Why West Chicago's first park is getting a new name
West Chicago Park District officially will rename its first park -- currently known as Easton Park -- in honor of its first supporter, Don Earley.
A brief ceremony will be held at 10 a.m. Saturday, Nov. 2, at the newly named Don Earley Park at 840 E. Washington St.
Earley is a longtime West Chicago resident who met his wife, Marylin, here. The two were married in 1969 and created their family of 10 with eight children from their previous marriages.
Earley is an Army veteran who has a bachelor's degree in mathematics from Elmhurst College and a master's in education administration from Northern Illinois University. He worked as a math teacher for 46 years, including 43 in St. Charles. While teaching at St. Charles Junior High, he also worked at the St. Charles Park District as a director of summer recreation.
In 1972, Earley spearheaded a committee called "Better Recreation for West Chicago" that presented a referendum question to create a stand-alone park district. Along with creating the district, voters also were asked to elect their first set of park board commissioners.
Earley was elected the first president and remained on the board until 1979. When it was created, the park district had no employees and its future rested in the hands of committed volunteers.
Earley took a leadership role for many projects, including purchasing Easton Park, establishing the district's first office building and hiring its first staff members.
In 1976, Earley and park Commissioner Frank Lenertz wrote and acquired the district's first grant through the Department of Natural Resources and the money led to the purchase of what is now Pioneer Park. In 1978, he and Commissioner Mike Ginko's efforts in Springfield led to the purchase of Manville Oaks, today known as Kress Creek Farms.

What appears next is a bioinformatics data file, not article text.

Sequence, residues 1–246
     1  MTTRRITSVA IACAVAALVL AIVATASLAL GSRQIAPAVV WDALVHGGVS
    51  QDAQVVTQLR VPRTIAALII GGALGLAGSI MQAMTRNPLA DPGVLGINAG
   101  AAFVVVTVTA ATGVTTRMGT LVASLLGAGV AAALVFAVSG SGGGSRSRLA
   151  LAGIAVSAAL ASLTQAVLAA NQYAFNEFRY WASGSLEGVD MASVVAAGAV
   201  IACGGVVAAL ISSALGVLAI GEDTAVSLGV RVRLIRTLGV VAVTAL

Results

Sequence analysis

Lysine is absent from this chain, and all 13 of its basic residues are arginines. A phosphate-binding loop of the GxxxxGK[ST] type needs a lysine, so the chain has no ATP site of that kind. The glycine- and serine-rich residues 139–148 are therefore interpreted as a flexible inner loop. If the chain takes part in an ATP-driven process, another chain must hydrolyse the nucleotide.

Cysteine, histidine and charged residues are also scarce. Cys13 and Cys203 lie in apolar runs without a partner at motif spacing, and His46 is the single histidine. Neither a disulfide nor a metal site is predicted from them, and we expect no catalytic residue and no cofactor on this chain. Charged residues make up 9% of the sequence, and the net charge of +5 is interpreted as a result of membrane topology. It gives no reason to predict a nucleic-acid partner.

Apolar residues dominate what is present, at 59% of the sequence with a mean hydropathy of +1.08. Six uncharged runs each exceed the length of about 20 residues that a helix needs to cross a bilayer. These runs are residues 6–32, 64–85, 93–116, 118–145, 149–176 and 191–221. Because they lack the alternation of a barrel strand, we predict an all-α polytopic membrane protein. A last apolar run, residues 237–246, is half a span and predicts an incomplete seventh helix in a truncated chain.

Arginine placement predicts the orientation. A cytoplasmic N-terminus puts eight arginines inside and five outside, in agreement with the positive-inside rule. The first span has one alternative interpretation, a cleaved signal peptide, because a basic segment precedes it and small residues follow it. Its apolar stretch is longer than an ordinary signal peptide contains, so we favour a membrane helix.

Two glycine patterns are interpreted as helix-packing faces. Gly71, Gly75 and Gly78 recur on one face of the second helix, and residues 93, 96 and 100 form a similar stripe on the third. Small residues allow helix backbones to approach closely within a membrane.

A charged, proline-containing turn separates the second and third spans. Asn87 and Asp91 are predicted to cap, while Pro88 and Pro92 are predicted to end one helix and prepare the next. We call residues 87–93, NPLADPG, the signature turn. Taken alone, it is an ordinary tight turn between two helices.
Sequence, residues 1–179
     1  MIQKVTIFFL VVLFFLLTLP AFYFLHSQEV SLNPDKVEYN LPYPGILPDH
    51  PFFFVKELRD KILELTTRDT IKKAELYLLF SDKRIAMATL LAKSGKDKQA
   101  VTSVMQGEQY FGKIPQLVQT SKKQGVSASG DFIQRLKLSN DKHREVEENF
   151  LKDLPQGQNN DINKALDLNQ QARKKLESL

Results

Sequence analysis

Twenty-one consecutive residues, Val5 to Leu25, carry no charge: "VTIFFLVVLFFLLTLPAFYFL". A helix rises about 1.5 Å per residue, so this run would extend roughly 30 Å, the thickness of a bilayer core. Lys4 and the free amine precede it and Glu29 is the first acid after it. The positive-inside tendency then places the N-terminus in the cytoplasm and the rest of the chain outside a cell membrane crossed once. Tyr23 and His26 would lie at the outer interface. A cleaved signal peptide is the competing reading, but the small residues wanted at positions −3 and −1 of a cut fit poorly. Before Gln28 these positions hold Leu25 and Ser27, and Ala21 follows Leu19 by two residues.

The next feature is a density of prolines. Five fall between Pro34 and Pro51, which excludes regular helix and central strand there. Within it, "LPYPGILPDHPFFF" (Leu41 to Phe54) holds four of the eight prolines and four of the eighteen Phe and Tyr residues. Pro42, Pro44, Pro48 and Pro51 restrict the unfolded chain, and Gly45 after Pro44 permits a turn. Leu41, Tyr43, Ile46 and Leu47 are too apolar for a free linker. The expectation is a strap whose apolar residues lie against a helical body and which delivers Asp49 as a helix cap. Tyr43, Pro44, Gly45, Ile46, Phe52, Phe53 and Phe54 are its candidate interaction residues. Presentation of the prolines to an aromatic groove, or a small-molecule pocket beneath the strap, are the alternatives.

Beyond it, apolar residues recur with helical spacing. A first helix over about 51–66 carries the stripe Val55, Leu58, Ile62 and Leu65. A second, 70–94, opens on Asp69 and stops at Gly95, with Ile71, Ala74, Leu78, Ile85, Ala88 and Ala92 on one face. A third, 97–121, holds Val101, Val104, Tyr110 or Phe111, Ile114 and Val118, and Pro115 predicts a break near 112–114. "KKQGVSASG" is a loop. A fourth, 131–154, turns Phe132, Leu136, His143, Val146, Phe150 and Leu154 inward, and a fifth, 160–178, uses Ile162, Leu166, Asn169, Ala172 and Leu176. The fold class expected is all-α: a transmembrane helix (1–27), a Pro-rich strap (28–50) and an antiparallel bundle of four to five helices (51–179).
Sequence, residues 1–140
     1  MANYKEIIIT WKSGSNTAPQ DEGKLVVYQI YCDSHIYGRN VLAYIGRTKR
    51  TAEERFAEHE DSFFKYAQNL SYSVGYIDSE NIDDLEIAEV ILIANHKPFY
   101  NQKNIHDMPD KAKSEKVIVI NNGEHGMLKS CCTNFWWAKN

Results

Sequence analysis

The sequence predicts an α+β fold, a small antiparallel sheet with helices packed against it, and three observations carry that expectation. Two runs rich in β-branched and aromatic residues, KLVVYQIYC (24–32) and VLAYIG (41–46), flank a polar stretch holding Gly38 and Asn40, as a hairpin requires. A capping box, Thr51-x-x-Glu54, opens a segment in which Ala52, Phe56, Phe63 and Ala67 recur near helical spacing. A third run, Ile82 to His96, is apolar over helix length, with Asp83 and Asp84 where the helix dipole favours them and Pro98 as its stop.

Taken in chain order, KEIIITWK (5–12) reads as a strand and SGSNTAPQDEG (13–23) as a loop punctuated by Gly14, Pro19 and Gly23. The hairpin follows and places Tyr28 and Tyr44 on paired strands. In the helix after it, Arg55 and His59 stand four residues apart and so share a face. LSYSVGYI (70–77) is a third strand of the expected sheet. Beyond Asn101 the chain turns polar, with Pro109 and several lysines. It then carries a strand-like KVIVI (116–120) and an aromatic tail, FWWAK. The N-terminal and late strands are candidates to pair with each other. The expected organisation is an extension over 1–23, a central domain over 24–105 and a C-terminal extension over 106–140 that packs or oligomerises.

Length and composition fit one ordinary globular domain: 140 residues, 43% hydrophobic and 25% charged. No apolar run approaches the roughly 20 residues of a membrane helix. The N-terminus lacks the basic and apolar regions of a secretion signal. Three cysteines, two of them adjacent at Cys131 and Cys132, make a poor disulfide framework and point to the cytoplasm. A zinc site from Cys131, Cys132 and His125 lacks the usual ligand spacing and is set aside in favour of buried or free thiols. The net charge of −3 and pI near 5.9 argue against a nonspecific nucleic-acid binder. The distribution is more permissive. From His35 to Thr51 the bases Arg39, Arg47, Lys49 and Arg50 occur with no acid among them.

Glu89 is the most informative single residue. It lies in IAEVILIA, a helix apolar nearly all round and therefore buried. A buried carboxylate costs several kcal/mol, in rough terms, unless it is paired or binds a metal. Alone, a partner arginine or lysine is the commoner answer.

His commitment didn't stop after his time as commissioner; he also was heavily involved as the treasurer for the referendum committee that eventually lead to the realization of the ARC Center.
His dedication to the community went beyond establishing the park district. He also served as an alderman for 12 years, city treasurer for 12 years and civil service commissioner for two years.
Earley also has been a member of the Honor Flight committee of DuPage County, which raises money to send World War II vets on the honor flight to Washington, D.C. He formed part of the "For the People Committee," whose mission was to bring people together to work cooperatively to end violence and social stigma in the community. Over the years he has also been involved with St. Mary's Catholic Church and the Knights of Columbus Council.
His stepson, Don Voelz, served on the park district board for more than a decade and now his granddaughter, Courtney Voelz, is a commissioner.
The park district he helped create now has 12 parks and a staff of nearly 300.
"My only goal is to be a good citizen and help those that are in need," Earley says.